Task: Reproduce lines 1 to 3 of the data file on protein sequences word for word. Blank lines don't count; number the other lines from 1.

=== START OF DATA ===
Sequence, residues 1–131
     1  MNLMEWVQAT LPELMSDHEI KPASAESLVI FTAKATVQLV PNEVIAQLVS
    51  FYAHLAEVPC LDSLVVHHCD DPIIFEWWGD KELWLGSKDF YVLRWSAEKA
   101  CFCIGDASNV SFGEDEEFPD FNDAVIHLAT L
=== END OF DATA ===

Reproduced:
Sequence, residues 1–131
     1  MNLMEWVQAT LPELMSDHEI KPASAESLVI FTAKATVQLV PNEVIAQLVS
    51  FYAHLAEVPC LDSLVVHHCD DPIIFEWWGD KELWLGSKDF YVLRWSAEKA